In 2014 it was voted number one university in the UK for Student Satisfaction by Times Higher Education and in the last decade has won four Queen's Anniversary Prizes in recognition of the outstanding contribution to the United Kingdom's intellectual, economic, cultural and social life.

Sheffield has five Nobel Prize winners among former staff and students and its alumni go on to hold positions of great responsibility and influence all over the world, making significant contributions in their chosen fields.

Global research partners and clients include Boeing, Rolls-Royce, Unilever, AstraZeneca, Glaxo SmithKline, Siemens and Airbus, as well as many UK and overseas government agencies and charitable foundations.

For further information, please visit http://www.sheffield.ac.uk

For further information please contact Hannah Postles, Media Relations Officer, on 0114 222 1046 or email h.postles@sheffield.ac.uk

For media inquiries out of hours, please call 07725 213702.

University of Sheffield

Related Technology Articles from Brightsurf:

December issue SLAS Technology features 'advances in technology to address COVID-19'
The December issue of SLAS Technology is a special collection featuring the cover article, ''Advances in Technology to Address COVID-19'' by editors Edward Kai-Hua Chow, Ph.D., (National University of Singapore), Pak Kin Wong, Ph.D., (The Pennsylvania State University, PA, USA) and Xianting Ding, Ph.D., (Shanghai Jiao Tong University, Shanghai, China).

October issue SLAS Technology now available
The October issue of SLAS Technology features the cover article, 'Role of Digital Microfl-uidics in Enabling Access to Laboratory Automation and Making Biology Programmable' by Varun B.

Robot technology for everyone or only for the average person?
Robot technology is being used more and more in health rehabilitation and in working life.

Novel biomarker technology for cancer diagnostics
A new way of identifying cancer biomarkers has been developed by researchers at Lund University in Sweden.

Technology innovation for neurology
TU Graz researcher Francesco Greco has developed ultra-light tattoo electrodes that are hardly noticeable on the skin and make long-term measurements of brain activity cheaper and easier.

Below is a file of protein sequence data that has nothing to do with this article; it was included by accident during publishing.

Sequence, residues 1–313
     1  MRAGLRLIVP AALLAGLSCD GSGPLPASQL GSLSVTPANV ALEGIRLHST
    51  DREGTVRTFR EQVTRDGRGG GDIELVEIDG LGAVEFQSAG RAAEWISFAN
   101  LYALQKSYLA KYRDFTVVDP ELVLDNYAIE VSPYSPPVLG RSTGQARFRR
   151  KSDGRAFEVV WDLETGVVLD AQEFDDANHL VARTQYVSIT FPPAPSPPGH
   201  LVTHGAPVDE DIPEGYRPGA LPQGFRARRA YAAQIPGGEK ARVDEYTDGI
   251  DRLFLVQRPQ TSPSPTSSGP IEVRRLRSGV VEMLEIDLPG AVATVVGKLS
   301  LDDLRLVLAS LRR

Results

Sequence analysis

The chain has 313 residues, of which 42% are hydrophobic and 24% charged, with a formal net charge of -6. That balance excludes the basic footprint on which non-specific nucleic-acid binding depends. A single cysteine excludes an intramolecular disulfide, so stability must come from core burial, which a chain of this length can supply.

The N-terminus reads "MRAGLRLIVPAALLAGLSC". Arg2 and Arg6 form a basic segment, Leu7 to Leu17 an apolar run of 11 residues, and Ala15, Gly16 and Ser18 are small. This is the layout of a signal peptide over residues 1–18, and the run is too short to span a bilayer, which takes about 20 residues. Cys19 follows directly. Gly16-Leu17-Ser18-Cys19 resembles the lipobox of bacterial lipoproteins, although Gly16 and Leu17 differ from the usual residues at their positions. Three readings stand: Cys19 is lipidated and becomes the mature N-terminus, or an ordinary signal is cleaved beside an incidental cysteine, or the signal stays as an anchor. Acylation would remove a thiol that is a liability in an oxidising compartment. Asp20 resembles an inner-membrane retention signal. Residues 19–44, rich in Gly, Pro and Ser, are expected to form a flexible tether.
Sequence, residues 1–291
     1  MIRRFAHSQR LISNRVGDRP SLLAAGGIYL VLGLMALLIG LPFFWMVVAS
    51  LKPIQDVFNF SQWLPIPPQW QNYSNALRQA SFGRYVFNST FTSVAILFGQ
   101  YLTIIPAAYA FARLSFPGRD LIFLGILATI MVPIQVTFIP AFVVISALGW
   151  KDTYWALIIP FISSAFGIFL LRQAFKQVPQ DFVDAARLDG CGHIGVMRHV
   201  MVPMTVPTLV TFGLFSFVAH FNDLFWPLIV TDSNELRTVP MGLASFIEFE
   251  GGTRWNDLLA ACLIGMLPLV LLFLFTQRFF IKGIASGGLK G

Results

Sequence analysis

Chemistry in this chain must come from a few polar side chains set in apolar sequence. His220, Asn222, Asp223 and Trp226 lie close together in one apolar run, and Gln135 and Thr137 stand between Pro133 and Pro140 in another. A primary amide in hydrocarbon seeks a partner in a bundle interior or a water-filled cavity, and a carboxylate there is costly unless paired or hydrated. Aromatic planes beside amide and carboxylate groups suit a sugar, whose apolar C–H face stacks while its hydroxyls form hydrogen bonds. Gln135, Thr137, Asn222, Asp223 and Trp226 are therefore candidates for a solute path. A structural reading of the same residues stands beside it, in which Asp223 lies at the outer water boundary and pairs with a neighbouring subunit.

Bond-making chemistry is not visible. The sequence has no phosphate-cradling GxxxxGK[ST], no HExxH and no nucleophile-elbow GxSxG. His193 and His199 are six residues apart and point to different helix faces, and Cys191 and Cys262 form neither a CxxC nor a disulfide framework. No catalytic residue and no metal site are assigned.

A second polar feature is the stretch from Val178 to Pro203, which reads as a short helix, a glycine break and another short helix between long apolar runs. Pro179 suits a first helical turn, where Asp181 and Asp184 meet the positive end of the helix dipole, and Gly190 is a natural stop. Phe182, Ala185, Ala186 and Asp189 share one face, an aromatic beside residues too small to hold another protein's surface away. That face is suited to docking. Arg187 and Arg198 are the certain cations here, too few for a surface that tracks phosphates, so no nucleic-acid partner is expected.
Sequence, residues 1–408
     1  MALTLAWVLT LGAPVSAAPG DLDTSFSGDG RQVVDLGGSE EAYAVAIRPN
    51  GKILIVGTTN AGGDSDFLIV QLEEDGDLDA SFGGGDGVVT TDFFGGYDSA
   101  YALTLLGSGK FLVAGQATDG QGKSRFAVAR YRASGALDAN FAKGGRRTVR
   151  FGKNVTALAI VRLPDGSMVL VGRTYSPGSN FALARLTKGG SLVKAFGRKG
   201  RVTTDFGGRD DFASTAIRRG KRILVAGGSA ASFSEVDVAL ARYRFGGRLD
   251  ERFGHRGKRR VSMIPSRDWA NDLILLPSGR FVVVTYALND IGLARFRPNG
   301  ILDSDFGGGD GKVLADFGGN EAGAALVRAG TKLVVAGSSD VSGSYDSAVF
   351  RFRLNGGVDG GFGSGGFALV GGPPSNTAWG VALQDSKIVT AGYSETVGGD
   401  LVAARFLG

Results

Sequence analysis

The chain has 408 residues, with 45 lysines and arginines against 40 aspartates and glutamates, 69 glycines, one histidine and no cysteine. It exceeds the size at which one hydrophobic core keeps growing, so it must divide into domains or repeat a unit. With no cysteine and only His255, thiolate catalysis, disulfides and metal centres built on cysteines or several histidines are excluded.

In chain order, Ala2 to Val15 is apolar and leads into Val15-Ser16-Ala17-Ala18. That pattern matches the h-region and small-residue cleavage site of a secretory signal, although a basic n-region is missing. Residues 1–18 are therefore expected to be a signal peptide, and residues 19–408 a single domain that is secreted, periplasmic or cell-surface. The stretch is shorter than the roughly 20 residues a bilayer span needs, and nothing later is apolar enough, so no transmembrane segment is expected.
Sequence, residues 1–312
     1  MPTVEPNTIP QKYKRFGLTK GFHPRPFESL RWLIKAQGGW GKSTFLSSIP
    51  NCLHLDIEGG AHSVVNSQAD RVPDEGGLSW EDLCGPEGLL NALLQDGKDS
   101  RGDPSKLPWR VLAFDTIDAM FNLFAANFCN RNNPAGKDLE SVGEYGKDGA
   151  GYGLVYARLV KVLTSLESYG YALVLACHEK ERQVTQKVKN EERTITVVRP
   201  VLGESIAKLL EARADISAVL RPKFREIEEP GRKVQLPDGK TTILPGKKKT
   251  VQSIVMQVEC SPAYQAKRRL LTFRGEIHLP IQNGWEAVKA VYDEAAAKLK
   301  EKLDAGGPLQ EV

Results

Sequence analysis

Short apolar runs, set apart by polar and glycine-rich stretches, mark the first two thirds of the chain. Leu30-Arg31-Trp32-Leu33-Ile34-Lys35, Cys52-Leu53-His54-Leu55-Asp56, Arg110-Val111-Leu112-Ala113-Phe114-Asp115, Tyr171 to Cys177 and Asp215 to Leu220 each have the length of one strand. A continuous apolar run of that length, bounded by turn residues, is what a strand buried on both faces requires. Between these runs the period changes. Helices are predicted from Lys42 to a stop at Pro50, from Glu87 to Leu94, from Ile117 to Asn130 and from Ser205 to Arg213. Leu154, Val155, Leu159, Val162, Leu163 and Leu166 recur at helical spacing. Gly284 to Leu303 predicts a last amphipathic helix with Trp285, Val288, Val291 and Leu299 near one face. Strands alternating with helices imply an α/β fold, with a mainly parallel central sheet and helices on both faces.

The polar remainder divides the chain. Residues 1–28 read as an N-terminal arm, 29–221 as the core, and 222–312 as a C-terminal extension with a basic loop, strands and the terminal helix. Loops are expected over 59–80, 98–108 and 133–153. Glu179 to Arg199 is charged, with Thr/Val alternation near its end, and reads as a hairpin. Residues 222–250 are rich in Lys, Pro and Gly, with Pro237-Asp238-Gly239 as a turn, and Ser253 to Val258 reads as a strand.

April's SLAS Technology is now available
April's Edition of SLAS Technology Features Cover Article, 'CURATE.AI: Optimizing Personalized Medicine with Artificial Intelligence'.

Technology in higher education: learning with it instead of from it
Technology has shifted the way that professors teach students in higher education.

Post-lithium technology
Next-generation batteries will probably see the replacement of lithium ions by more abundant and environmentally benign alkali metal or multivalent ions.

Rethinking the role of technology in the classroom
Introducing tablets and laptops to the classroom has certain educational virtues, according to Annahita Ball, an assistant professor in the University at Buffalo School of Social Work, but her research suggests that tech has its limitations as well.

The science and technology of FAST
The Five hundred-meter Aperture Spherical radio Telescope (FAST), located in a radio quiet zone, with the targets (e.g., radio pulsars and neutron stars, galactic and extragalactic 21-cm HI emission).

Read More: Technology News and Technology Current Events
Brightsurf.com is a participant in the Amazon Services LLC Associates Program, an affiliate advertising program designed to provide a means for sites to earn advertising fees by advertising and linking to Amazon.com.